Under Phase 2 recommendations now in place, no gathering of more than six total people (five players and one coach) is allowed, and those people must be properly distanced. For Phase 2 football, specifically, players aren’t supposed to throw or hand off a ball to one another, and tackling dummies can’t be shared. In Phase 3, workout pods max out at 10 students, still short of the 11 needed on the gridiron.
Students in lesser contact sports, meanwhile, are managing more easily with training during the pandemic.
Liam Romanyshyn, 17, is an incoming senior at Sehome High School. A member of both the varsity soccer (spring sport) and tennis (fall sport) teams, he’s been able to play tennis with friends given its built-in distancing. Soccer has been harder to play, but he’s still managed some practice with fewer than five players.
Although Romanyshyn’s college hopes aren’t primarily riding on athletic talent, he said the pandemic may also alter how seniors are scouted for college-level play.
“It definitely has made the recruiting process more difficult,” he said. “For soccer, you need to have lots of game footage to show coaches, and you just can’t get that if you’re training by yourself.”
Missing fanfare — and fans
If fall sports aren’t cancelled, who will be there to watch them?
WIAA guidelines deem spectators and vendors as nonessential, leaving players, coaches, officials, medical staff, and other event workers as essential; media members are considered “preferred” attendees. Until bans on mass gatherings are lifted, it’s recommended that nonessential folks stay home.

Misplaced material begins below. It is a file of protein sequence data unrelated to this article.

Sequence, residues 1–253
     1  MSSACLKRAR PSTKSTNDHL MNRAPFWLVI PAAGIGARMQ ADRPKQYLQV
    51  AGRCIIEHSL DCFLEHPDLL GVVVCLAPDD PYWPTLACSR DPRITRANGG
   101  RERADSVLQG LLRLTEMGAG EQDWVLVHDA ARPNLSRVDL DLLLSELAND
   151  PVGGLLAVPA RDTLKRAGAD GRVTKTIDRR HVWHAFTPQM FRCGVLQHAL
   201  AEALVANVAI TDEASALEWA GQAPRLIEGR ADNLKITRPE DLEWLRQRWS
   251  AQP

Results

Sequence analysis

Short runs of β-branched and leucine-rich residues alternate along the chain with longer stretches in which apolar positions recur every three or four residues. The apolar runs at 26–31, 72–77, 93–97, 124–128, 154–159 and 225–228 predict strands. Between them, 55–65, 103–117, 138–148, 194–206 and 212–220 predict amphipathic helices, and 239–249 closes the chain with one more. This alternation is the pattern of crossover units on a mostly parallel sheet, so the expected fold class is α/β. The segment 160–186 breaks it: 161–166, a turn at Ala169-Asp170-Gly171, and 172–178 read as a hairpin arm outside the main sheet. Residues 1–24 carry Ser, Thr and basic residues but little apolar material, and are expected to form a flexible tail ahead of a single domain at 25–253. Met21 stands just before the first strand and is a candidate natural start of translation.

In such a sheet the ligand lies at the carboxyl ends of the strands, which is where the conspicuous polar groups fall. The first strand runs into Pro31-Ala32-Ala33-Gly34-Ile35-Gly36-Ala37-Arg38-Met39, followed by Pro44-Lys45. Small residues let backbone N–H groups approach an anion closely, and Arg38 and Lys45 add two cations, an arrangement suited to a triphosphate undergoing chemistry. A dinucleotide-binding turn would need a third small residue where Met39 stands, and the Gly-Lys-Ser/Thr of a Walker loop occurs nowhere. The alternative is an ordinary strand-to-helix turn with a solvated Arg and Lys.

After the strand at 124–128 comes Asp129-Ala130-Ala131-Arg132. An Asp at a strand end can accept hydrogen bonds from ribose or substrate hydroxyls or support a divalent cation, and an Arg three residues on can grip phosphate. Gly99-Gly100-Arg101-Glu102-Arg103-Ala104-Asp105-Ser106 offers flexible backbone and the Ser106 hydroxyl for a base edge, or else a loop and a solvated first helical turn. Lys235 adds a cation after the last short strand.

While fan-less football games would dampen the varsity experience and require mental adjustment, Plenkovich said junior varsity and C-team players commonly play with smaller audiences and might be less impacted.
Regardless, having games played vastly outweighs having anyone watch them, he said.
“It would definitely be a bummer,” he said, “but I’d still be glad just to get the opportunity to play one last time. I know a lot of my friends on the soccer team who were seniors had that taken away from them (this spring). No matter what it looks like, I’d be grateful to have a chance to play our season.”
Should fan-less games become the norm, one ripple effect may be on Associated Student Body (ASB) budgets. These budgets, which go towards sports, drama and music programs, and activities like school dances, are primarily funded by event ticket revenue and the sale of ASB cards, which students buy annually to gain automatic event admittance. Not all sports charge for attendance, but popular sports like football and basketball are typically the main sources of ticket revenue.
Mike McKee, the Lynden School District’s athletic director, also oversees their ASB budget as activities coordinator. Most schools, he said, have an ASB budget between $30,000 and $80,000. In athletics, those funds pay for things like officials’ fees, equipment, coaching stipends and more. If ticket sales aren’t allowed, budgets may come up short.